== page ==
The Assembly decided to host a Summer Conference in July. Iranian pioneers Mr. Abbas Katirai and Mr. Ataullah Moghbel attended from Japan. (Mr. Maxwell commented that they were probably the first Persians to go to Korea in modern history and when they left, all the LSA members and several other friends went five miles to the train station to see them off.) Mr. Smits, Miss Webster and two women, Dr. Oh and Miss Pang, went to the conference from Seoul. The day-time attendance varied between twenty-five and forty, with Bahá'ís constituting about half of the audience. There was one press conference with two of the largest newspapers in the area, the Chonnan Ilbo and the Honan Press. A mimeographed sheet giving basic information about the Faith had been prepared to hand out. One of the newspapers printed the equivalent of one


page in two different issues about the conference and included a photo of 'Abdu'l-Bahá.

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      The first Local Spiritual Assembly of the Bahá'ís of Kwangju, elected   1956. Front: Mr. Yoon Kang Joon, Mr. William Maxwell (chairman),   Mr. Kim Yeon Kyun (secretary) and Mr. Pak Chong Huen. Standing: Mr.   Chung Hwan Kuc, Mr. Cho Se Hyun, Mr. Oh Je Dong, Mr. Kim Je   Hyub (treasurer) and Mr. Im Pyoung Mo.
      The first Local Spiritual Assembly of the Bahá'ís of Seoul, 1956. Front left to right: Miss Lecile Webster, Mr. William Smits (chairman), Mr. Suh Eton (vice-chairman) and Dr. Lee Yong-so (treasurer). Standing: Mr. Yang Hee-ghon, Dr. Oh Hyon-suk, Miss Chee Hei Soon, Mr. Choi Woo Yong (secretary) and Mr. Yun Sok-bong. Miss Chee was the second Korean woman to accept the Faith.

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      The Wolbo, a monthly newsletter put out by the Kwangju Local Spiritual Assembly. The first issue was June 1956. The one shown above was Vol. 1, No. 3, August 1956. The Assembly indicated that they wanted to send it to other communities in Korea. By mid-June Bahá'ís resided in four localities.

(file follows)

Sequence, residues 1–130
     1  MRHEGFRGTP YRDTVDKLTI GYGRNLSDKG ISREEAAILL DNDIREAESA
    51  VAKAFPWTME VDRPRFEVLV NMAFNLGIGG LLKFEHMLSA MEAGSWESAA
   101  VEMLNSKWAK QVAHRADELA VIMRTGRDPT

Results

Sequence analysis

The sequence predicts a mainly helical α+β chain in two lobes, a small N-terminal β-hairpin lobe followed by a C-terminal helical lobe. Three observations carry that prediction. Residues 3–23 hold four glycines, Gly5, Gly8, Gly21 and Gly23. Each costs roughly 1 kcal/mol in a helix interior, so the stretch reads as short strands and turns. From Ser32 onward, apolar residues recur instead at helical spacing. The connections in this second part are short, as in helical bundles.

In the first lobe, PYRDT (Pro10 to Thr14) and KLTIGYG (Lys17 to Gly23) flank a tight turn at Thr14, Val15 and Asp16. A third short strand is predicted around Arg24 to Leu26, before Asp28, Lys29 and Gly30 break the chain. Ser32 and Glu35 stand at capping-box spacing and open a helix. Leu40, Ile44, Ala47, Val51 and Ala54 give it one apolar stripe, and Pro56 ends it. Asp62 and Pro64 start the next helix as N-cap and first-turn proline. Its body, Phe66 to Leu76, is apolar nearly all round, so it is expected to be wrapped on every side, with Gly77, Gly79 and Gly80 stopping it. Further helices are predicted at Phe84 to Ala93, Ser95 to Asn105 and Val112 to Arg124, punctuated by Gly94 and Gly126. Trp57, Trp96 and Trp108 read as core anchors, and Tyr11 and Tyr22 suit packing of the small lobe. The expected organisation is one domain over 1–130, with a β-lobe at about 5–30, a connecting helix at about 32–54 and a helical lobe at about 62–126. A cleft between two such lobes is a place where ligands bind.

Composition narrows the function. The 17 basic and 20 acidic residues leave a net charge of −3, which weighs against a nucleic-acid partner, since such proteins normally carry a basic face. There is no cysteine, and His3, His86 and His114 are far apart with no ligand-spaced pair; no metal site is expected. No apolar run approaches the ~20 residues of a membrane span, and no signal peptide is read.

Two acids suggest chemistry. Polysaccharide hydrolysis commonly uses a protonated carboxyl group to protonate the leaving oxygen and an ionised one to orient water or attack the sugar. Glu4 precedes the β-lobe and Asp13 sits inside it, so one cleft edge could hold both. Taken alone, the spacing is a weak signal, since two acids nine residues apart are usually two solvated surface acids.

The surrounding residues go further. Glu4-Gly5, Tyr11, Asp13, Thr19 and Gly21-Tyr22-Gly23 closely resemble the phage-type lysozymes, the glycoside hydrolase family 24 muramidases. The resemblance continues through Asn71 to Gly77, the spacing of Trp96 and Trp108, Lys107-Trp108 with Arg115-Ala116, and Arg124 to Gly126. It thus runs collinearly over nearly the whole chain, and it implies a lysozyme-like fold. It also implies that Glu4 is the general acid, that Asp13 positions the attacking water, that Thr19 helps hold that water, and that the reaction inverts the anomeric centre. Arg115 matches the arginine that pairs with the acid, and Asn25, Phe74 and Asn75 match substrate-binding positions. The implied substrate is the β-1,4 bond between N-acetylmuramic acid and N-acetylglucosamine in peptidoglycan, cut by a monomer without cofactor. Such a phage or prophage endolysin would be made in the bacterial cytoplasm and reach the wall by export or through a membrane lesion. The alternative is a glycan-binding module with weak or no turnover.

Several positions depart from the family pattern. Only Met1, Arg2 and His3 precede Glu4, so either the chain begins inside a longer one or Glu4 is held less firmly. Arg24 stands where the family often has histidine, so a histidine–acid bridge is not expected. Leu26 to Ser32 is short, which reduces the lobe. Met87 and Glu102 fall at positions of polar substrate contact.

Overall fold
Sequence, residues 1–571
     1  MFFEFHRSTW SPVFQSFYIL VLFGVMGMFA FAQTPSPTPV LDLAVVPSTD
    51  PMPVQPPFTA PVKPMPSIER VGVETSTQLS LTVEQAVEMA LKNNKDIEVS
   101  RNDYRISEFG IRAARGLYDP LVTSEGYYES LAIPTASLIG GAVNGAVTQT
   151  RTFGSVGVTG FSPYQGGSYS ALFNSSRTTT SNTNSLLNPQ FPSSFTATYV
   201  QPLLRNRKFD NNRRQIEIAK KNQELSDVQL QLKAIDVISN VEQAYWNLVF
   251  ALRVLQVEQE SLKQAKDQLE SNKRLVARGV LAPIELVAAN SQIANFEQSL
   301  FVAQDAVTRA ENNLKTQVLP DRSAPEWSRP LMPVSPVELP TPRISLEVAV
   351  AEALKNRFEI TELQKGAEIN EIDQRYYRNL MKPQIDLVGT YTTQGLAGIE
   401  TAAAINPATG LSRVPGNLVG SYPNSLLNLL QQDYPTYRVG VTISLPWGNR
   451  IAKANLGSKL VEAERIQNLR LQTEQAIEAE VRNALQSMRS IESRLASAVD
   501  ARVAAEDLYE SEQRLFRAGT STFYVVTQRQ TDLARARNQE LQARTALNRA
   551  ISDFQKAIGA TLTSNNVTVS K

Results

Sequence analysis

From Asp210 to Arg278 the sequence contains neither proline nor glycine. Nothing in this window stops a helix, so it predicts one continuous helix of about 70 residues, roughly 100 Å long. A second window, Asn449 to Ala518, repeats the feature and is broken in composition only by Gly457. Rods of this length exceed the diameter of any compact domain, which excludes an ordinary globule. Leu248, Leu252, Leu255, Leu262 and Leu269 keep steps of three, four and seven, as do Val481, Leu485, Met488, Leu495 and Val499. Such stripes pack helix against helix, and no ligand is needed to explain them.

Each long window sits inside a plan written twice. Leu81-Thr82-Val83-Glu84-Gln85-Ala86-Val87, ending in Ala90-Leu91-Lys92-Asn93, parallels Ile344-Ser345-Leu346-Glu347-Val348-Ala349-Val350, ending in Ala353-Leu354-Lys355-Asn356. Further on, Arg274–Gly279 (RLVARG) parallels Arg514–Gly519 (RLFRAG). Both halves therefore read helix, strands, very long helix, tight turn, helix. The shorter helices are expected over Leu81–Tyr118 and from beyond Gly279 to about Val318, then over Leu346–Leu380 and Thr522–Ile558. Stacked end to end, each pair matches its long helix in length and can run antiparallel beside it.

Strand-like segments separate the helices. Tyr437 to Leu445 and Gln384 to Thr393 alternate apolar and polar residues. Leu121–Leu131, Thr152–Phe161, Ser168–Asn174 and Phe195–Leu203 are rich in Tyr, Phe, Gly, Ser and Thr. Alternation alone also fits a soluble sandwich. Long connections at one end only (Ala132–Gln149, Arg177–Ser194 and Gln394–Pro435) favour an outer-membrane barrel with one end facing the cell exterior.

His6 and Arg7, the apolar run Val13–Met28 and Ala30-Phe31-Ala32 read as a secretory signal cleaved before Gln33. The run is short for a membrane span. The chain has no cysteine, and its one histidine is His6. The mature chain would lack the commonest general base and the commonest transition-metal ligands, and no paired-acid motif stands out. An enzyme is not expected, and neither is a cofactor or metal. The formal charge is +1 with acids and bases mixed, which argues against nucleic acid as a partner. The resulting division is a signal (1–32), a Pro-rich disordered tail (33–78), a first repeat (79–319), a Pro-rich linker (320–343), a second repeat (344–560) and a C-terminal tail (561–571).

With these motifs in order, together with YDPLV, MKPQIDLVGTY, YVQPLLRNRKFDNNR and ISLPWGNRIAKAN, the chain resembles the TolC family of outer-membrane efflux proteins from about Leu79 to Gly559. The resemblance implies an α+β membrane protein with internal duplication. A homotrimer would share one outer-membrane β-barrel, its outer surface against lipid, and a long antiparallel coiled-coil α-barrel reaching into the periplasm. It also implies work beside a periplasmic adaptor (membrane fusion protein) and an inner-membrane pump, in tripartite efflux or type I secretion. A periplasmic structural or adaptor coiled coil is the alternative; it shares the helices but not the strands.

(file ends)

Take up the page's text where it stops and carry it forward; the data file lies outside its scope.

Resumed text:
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      The Wolbo put out by the Local Spiritual Assembly of the Bahá 'is of Seoul. This one is dated December 1956. The Bahá'ís of Korea were also receiving the Japanese Bahá'í Geppo (monthly news). They were hungry for news.

      A public meeting in connection with the conference had a surprisingly high attendance, mostly students, doctors, professors, and graduate students. It was estimated that at one time or another at least 100 people came to the conference, the majority being university students. The Bahá'ís considered the conference a great success and they felt that they had become infused with a new spirit.

      By April 1956 there were 30 Korean Bahá'ís and three American Bahá'ís.

      The Faith started expanding. By mid-1956 there were two Bahá'ís in Mokpo, one adult and one youth, and one Bahá'í in Hwason who had moved from Kwangju where he had originally become a Bahá'í. There were now four localities which had resident Bahá'ís.

      It seems that the success of the Summer Conference encouraged the Kwangju community to also hold a one-week Winter Conference during the last week in December of that year. It was also a resounding success. This one had 100 people in attendance at one time or another, including the new Bahá'ís in Mokpo. Mr. Philip Marangella was able to attend from Japan where he was pioneering. According to a report, the conference provided a "boost in spiritual joy and an awareness of Bahá'í love."